Mental and Emotional Pacing
by Mike Coughlin
I had a conversation with a training partner last year about mental toughness during which my friend suggested that we can always become tougher, and should seek to do so. I was reluctant to agree with that outlook, but it sure got me thinking. Like any athlete, I have experienced both sides of the mental barriers to performance; situations in which I gave 100% of what my body was capable of, and others in which I know in my heart that I did not. Sometimes I have experienced both of these states in the same race! So what was the difference?
One of the challenges specific to endurance sport is that of maintaining focus under fatigue. Provided that our bodies are trained and fueled appropriately, one could argue that maintaining focus is the primary limiter to endurance performance. When the duration of your key event is measured in hours (or days) of continuous forward motion, how you utilize and manage your mental and emotional energy becomes critical.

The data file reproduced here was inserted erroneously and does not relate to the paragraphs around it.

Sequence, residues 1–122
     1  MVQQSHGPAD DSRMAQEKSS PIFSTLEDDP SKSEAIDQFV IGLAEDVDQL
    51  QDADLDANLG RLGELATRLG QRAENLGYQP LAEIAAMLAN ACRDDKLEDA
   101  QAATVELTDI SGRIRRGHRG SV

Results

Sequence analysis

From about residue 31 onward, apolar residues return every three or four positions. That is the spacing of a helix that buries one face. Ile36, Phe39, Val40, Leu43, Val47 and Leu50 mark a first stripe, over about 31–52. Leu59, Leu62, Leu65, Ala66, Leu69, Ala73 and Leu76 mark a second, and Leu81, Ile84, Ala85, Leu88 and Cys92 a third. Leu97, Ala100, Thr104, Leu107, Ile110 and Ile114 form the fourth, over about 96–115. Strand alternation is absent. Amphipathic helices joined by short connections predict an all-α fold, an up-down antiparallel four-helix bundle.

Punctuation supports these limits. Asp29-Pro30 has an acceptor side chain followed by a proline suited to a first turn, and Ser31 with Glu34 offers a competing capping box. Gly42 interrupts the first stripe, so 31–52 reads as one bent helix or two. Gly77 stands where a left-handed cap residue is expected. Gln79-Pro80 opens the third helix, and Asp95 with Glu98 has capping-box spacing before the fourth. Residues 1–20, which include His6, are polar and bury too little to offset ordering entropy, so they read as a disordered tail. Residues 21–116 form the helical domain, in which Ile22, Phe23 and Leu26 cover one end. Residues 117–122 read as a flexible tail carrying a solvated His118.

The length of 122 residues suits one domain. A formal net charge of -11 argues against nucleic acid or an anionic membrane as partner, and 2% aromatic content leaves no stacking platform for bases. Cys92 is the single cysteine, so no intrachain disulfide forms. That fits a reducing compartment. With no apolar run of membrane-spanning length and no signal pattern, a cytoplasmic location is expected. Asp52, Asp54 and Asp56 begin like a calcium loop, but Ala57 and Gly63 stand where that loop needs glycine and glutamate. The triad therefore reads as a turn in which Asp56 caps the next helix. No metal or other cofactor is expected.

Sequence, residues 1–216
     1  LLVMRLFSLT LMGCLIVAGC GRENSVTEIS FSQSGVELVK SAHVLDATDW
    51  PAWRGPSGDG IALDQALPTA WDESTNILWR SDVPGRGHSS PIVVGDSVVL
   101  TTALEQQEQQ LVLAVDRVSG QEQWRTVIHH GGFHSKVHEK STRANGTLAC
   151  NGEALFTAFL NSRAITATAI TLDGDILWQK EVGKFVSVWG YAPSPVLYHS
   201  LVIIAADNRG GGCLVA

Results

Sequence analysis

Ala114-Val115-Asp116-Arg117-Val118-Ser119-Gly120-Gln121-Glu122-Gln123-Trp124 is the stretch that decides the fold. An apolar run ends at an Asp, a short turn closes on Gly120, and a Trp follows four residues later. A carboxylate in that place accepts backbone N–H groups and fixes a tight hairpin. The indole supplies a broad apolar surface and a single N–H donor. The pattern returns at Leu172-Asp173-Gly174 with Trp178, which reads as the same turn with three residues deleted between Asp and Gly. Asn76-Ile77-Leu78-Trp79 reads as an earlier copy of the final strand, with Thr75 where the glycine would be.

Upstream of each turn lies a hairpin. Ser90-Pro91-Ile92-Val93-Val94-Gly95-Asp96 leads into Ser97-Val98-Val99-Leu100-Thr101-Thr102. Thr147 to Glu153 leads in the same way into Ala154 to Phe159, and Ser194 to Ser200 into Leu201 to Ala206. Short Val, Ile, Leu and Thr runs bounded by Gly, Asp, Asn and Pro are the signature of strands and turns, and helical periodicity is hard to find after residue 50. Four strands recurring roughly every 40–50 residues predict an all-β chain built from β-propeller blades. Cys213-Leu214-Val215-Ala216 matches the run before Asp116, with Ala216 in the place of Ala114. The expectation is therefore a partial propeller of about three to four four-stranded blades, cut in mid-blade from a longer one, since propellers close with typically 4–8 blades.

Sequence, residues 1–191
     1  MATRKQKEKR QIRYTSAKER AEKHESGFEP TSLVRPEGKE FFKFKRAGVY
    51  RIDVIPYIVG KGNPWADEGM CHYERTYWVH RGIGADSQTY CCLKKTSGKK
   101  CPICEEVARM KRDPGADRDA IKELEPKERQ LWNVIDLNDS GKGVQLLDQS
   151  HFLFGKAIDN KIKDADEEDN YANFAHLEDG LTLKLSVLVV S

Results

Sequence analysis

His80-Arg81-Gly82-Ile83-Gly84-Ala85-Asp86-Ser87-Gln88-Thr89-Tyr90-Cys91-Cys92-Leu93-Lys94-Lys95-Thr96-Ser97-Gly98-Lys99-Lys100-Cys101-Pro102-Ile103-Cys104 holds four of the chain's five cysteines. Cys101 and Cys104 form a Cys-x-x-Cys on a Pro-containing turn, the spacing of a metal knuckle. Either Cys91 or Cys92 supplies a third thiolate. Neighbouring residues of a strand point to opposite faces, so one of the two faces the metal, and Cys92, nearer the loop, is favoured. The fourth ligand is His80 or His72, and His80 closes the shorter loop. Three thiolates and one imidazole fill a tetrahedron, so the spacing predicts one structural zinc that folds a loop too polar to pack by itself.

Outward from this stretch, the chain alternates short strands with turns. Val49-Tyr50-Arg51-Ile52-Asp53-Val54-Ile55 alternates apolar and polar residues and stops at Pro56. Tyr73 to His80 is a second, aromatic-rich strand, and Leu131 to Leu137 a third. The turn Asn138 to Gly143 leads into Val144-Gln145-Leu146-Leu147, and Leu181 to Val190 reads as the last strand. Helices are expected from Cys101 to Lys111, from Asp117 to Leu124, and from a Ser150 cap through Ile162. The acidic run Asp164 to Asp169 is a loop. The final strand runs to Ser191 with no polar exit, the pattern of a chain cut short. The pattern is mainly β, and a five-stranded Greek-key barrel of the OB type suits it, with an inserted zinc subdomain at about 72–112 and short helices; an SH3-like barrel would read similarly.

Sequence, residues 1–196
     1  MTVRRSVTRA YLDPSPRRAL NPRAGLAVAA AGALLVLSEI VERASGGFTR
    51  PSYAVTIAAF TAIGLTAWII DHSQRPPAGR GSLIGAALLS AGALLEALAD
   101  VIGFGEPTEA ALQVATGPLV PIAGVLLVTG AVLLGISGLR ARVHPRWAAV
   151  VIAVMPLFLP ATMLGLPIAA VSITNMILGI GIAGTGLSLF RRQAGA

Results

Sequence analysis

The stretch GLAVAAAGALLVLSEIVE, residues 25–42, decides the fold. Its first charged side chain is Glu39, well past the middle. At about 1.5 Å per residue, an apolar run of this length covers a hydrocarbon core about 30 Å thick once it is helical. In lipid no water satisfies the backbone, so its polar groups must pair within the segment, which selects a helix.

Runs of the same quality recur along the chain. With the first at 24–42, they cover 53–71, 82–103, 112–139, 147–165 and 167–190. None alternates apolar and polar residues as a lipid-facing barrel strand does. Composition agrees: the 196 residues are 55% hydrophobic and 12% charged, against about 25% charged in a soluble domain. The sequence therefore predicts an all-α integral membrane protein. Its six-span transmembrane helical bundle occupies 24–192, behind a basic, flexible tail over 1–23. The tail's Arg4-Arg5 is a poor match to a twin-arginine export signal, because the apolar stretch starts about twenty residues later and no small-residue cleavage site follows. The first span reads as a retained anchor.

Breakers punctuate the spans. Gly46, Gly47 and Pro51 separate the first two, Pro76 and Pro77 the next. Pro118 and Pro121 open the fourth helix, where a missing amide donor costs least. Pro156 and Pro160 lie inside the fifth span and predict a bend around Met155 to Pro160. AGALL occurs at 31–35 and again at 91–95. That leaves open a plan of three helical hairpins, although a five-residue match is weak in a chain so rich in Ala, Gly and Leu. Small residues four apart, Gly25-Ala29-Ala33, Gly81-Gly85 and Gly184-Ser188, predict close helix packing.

I have personally found this to be a real challenge, since I get excited quite easily in race environments, especially if I am doing well. When I dissect a past race performance and identify my mental errors, they almost always follow periods of excitement. I not only become distracted and lose my focus, but I waste my mental and emotional energy on the rush related to feeling good and doing well, leaving me with less for when things get difficult (and they almost always do!).
What is the lesson here? Much like poor physical pacing can squander our fitness, poor mental/emotional pacing can squander our focus.
Can we all be tougher? Perhaps we can. However, we can also improve our performance by making the most of the mental and emotional energy that we have on race day.
Mike is an Ontario-based, long-time triathlete and coach with experience at all distances, including Ultraman Canada and Hawaii. To learn more about Mike, you can visit his personal blog.